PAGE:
Residents of the East End reflected on the legendary Battle of Cable Street on its anniversary today.
Today marks 87 years since Oswald Mosley and the British Union of Fascists gathered to march down Cable Street, a largely Jewish-populated area.
Though they had up to 5,000 members marching and were accompanied by approximately 6,000 Metropolitan Police officers, local residents turned out in droves to battle the fascists out of their neighbourhood with bricks, sticks, and other improvised weapons such as marbles used to fell police horses.
The anti-fascist demonstrators were largely composed of British Jews, Irish immigrants, and local trade unionists who formed barricades and shouted slogans like “¡No Pasaran!” (They shall not pass!), a rallying cry from the Spanish Civil War against fascism.
William Edmonds, 41, travelled from Manchester to pay his respects at the site where his grandfather fought against the British Union of Fascists.
He said: “My grandad wasn’t Jewish, or Irish.
“He was just someone who knew right from wrong, and wanted to protect his neighbours against harassment and prejudice.
“I see politicians right now talking about how immigrants don’t belong here, and I can’t help but think, ‘are we talking about the same country?’”
One local politician took to social media to share a similar viewpoint to Edmonds.
Labour MP of Poplar and Limehouse Apsana Begum honoured the Battle of Cable Street in a series of tweets referring to the need to still be tireless in the fight against facism and other forms of bigotry.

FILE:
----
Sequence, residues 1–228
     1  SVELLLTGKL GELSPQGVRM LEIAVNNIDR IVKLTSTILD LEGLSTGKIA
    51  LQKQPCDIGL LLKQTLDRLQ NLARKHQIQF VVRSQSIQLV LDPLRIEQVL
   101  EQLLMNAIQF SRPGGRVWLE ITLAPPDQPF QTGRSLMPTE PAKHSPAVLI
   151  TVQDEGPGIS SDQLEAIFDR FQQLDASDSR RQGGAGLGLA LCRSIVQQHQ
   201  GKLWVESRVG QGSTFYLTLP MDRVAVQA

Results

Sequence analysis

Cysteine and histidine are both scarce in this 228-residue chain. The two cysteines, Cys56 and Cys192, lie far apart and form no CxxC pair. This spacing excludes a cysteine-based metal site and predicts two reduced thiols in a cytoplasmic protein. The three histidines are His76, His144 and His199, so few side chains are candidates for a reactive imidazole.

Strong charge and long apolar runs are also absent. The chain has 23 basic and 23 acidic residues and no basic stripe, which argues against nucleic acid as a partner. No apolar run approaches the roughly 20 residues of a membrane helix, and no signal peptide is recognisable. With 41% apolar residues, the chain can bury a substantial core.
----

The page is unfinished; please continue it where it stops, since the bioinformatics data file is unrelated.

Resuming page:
87 years ago today, the British Union of Fascists led by Oswald Mosely tried to march through the largely Jewish East End of London.— Apsana Begum MP (@ApsanaBegumMP) October 4, 2023
They were marched off by as many as 20,000 people of Jewish, Irish and working-class backgrounds, in what is known as the Battle of Cable Street. pic.twitter.com/AE6zeqYKmp
The legacy of the Battle of Cable Street was especially impactful for Shadwell resident Emily Meyer, 24, given what she described as a rising wave of xenophobic and anti-semitic politics in England.
Meyer said: “This was a very important moment for Jews in London- it was such a loud show of support from the community and a display of our strength against oppression.”
“It just goes to show that England has always had beautiful, diverse communities, and that we find strength in those communities.”
“No one is going to take our history, or our future, away from us.”